Solar Eclipse Frenzy

Unless you’ve been living under a rock for the past few weeks, you’re well aware that tomorrow will bring a solar eclipse, which for some, depending on whether you’re fortunate to be in the 60- to 70-mile-wide “path of totality,” will see the moon completely block out the sun and cause the sky to go black in the middle of the day. 

Unfortunately, Wisconsin is outside the path of totality and the forecast is calling for clouds and possible storms, which means we will see little difference. I was looking forward to watching the CraneCam to see if the young cranes react in any way when darkness falls. We may get lucky and the clouds won’t appear – time will tell. The cranes may head to the water and assume their roosting stance on one leg.

Have you given any thought to how wildlife might react? I mean birds spend 24 hours a day outside so they’re far more tuned in to the rise and fall of the sun/moon than we humans could ever hope to be.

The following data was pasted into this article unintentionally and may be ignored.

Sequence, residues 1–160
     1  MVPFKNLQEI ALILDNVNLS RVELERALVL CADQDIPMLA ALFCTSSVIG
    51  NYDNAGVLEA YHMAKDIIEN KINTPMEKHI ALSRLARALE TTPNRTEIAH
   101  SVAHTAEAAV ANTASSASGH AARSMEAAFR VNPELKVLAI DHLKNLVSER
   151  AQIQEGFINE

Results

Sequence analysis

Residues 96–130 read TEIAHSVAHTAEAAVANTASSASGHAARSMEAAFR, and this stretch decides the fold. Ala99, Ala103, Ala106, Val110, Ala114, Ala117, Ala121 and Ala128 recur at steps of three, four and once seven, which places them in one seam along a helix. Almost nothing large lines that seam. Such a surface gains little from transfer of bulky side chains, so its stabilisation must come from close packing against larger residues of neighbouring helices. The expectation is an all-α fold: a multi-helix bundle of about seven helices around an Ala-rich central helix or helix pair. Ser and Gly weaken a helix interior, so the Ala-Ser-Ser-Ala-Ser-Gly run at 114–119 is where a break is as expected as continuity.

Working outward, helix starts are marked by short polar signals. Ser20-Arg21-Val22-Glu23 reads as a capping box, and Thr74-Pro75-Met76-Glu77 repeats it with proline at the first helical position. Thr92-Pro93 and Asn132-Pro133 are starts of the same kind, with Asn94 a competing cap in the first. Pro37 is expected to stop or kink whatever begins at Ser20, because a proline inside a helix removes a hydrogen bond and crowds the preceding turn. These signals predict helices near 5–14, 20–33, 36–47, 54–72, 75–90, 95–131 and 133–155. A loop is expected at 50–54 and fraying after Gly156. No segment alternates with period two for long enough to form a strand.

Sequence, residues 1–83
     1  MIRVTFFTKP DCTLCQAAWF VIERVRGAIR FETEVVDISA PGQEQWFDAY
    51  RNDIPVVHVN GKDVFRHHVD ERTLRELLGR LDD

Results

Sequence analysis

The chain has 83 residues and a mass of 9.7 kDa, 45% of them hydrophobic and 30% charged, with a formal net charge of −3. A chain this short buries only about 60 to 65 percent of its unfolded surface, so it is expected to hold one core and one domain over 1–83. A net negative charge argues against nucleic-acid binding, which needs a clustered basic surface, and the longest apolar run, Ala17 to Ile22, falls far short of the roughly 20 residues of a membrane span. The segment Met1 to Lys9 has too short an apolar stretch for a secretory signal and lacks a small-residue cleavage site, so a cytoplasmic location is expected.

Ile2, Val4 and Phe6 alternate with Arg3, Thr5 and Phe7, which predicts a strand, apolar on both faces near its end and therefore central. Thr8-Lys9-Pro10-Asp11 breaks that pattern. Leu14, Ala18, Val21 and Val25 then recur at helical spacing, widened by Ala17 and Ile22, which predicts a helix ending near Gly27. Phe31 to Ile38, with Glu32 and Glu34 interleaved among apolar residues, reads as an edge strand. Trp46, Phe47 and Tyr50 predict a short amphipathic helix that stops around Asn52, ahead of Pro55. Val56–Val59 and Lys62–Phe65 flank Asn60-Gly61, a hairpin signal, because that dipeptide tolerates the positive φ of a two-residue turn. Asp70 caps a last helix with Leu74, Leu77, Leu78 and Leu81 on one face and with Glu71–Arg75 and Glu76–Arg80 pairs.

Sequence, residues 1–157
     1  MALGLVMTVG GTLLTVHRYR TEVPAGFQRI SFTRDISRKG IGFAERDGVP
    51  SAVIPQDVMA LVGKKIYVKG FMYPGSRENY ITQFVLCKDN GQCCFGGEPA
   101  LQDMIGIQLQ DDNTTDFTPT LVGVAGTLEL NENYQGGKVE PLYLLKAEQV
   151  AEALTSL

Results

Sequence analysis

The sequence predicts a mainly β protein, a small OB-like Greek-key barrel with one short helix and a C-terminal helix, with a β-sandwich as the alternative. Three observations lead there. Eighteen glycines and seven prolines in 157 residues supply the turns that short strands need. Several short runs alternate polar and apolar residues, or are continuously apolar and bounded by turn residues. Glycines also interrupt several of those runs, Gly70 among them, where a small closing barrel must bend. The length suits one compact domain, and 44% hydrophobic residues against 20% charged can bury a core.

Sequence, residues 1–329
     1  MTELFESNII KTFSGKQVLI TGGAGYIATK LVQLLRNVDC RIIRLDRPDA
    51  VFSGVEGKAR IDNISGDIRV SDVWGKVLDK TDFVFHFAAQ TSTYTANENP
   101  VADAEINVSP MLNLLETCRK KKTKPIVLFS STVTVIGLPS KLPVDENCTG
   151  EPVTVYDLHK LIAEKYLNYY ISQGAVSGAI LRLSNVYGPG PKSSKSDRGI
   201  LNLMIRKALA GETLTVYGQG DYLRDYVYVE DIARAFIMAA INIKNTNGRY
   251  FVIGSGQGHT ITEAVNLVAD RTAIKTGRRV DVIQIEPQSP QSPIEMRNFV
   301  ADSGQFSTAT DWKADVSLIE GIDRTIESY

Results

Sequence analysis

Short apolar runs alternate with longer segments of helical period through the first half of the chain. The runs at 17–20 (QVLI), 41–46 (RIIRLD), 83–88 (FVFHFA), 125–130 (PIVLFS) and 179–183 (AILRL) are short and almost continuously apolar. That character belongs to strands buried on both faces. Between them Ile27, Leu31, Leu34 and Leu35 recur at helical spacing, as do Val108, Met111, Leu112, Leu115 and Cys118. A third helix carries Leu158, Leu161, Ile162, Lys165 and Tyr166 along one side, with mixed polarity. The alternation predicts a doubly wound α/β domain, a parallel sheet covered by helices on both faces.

Will diurnal bird species go quiet as conditions darken on Monday? Will nocturnal species begin to vocalize much earlier? I can’t wait to find out!

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  1. Catherine Wohlfeil August 20, 2017 11:05 pm

    I’m looking forward to seeing the birds near where I work. Since they have no one to advise them, it makes me wonder how much could possibly be instinct, inherited knowledge, or mere curiosity and observation.

  2. CAROLYN HALL August 20, 2017 9:29 pm

    Watch the Rowe Crane cam, it can’t see the sun but you will see the change if sunlight and can hear the frogs and birds on the cam.

  3. Sue Ellen August 20, 2017 9:16 am

    Yes the birds do go silent as it darkens and start back up again as it brightens. I was lucky enough to experience an eclipse on an overcast day 30ish years ago. Had I been obsessed with looking at the sun I probably wouldn’t have noticed the birds.

  4. Rolando August 20, 2017 9:14 am

    Thanks Birds will fly to their nest, rooster will sing, street lights will turn up and the weather will get cooler all in four minutes still worthy. Thanks for all you do